An international team of scientists has proposed a new multi-disciplinary approach in which an array of new technologies will allow us to map biodiversity and the risks that wildlife is facing at the scale of whole landscapes. The findings are published in Nature Ecology and Evolution. This international research is led by the Kunming Institute of Zoology from China, University of East Anglia, University of Leicester and the Leibniz Institute for Zoo and Wildlife Research.

Using a combination of satellite and ground data, the team proposes that it is now possible to map biodiversity with an accuracy that has not been previously...

Im Focus: Climate satellite: Tracking methane with robust laser technology

Heatwaves in the Arctic, longer periods of vegetation in Europe, severe floods in West Africa – starting in 2021, scientists want to explore the emissions of the greenhouse gas methane with the German-French satellite MERLIN. This is made possible by a new robust laser system of the Fraunhofer Institute for Laser Technology ILT in Aachen, which achieves unprecedented measurement accuracy.

Methane is primarily the result of the decomposition of organic matter. The gas has a 25 times greater warming potential than carbon dioxide, but is not as...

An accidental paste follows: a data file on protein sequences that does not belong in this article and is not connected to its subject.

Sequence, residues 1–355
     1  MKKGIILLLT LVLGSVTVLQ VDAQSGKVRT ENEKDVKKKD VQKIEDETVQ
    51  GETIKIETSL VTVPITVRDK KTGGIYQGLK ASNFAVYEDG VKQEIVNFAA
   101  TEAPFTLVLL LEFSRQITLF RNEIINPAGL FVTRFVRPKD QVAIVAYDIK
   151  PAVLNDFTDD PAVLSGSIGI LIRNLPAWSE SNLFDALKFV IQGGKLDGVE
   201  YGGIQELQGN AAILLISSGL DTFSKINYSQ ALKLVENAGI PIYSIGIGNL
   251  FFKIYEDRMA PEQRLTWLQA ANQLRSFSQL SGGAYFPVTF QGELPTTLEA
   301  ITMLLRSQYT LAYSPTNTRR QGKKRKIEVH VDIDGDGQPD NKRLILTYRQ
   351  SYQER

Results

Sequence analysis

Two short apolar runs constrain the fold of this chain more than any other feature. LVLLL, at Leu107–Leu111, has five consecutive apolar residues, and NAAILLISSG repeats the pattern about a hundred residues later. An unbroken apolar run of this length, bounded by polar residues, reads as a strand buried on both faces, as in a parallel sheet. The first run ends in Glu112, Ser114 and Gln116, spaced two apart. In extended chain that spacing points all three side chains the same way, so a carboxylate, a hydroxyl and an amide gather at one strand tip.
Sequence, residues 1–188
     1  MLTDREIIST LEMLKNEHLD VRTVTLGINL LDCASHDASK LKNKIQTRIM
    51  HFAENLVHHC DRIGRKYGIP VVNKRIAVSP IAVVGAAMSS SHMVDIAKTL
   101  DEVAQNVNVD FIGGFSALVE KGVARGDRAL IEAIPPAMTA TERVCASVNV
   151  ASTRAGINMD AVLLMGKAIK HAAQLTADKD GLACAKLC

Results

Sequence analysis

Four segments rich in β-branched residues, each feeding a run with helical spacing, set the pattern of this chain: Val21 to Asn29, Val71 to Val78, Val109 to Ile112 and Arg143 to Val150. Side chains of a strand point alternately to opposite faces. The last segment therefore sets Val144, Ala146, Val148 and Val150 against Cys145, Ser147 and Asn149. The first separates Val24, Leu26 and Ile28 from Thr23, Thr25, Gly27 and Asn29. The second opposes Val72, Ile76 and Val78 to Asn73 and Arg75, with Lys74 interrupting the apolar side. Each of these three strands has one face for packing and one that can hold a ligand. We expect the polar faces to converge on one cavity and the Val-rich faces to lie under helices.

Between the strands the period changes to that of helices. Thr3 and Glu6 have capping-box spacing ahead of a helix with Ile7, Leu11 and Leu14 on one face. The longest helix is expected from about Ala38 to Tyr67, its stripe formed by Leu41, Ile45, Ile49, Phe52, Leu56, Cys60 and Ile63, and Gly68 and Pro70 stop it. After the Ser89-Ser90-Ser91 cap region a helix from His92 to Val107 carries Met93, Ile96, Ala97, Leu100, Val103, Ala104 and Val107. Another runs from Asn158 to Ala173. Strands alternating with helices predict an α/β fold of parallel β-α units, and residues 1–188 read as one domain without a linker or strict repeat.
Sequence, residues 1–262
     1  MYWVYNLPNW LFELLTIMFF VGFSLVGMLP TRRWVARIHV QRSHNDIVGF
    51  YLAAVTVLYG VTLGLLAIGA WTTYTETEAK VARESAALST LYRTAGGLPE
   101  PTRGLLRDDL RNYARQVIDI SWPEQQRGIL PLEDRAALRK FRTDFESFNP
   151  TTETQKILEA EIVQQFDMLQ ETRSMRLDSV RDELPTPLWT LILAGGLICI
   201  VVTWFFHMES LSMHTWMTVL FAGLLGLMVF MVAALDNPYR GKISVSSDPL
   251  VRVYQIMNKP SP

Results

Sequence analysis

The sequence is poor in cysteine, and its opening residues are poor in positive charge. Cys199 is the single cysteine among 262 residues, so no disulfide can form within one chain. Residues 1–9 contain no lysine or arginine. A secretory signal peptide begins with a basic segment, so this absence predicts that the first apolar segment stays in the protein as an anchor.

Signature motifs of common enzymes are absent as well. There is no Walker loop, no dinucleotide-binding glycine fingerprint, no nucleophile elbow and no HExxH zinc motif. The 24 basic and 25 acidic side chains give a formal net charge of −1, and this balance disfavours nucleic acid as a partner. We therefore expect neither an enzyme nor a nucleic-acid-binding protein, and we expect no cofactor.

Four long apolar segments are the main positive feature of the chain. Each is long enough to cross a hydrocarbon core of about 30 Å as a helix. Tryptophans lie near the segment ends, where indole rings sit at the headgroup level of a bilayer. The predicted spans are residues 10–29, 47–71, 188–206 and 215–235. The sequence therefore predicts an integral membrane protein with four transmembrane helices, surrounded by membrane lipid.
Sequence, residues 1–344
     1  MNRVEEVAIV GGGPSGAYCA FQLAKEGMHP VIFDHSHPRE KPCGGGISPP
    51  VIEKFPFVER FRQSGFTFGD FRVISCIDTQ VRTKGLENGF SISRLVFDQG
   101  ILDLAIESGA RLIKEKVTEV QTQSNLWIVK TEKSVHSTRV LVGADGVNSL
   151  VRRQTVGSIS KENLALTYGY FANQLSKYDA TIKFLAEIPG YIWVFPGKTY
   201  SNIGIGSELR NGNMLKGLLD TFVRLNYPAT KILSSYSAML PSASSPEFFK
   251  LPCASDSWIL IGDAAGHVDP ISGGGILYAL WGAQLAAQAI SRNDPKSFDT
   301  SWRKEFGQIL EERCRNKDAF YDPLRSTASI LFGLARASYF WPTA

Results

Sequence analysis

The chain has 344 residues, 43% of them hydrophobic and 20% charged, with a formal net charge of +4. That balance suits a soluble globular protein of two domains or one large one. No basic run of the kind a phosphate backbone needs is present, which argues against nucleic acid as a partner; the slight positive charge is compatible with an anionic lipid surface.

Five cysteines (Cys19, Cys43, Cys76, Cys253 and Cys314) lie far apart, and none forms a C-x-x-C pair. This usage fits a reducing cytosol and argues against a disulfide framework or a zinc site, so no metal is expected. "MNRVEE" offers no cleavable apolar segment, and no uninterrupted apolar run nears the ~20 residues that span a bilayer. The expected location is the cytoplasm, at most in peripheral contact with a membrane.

Im Focus: How protons move through a fuel cell

Hydrogen is regarded as the energy source of the future: It is produced with solar power and can be used to generate heat and electricity in fuel cells. Empa researchers have now succeeded in decoding the movement of hydrogen ions in crystals – a key step towards more efficient energy conversion in the hydrogen industry of tomorrow.

As charge carriers, electrons and ions play the leading role in electrochemical energy storage devices and converters such as batteries and fuel cells. Proton...

Im Focus: A unique data centre for cosmological simulations

Scientists from the Excellence Cluster Universe at the Ludwig-Maximilians-Universität Munich have establised "Cosmowebportal", a unique data centre for cosmological simulations located at the Leibniz Supercomputing Centre (LRZ) of the Bavarian Academy of Sciences. The complete results of a series of large hydrodynamical cosmological simulations are available, with data volumes typically exceeding several hundred terabytes. Scientists worldwide can interactively explore these complex simulations via a web interface and directly access the results.

With current telescopes, scientists can observe our Universe’s galaxies and galaxy clusters and their distribution along an invisible cosmic web. From the...

Im Focus: Scientists develop molecular thermometer for contactless measurement using infrared light

Temperature measurements possible even on the smallest scale / Molecular ruby for use in material sciences, biology, and medicine

Chemists at Johannes Gutenberg University Mainz (JGU) in cooperation with researchers of the German Federal Institute for Materials Research and Testing (BAM)...

All Focus news of the innovation-report >>>

Anzeige

Anzeige

Event News

Plants are networkers

19.06.2017 | Event News

Digital Survival Training for Executives

13.06.2017 | Event News

Global Learning Council Summit 2017

13.06.2017 | Event News

 
Latest News

Quantum thermometer or optical refrigerator?

23.06.2017 | Physics and Astronomy

A 100-year-old physics problem has been solved at EPFL

23.06.2017 | Physics and Astronomy

Equipping form with function

23.06.2017 | Information Technology

VideoLinks
B2B-VideoLinks
More VideoLinks >>>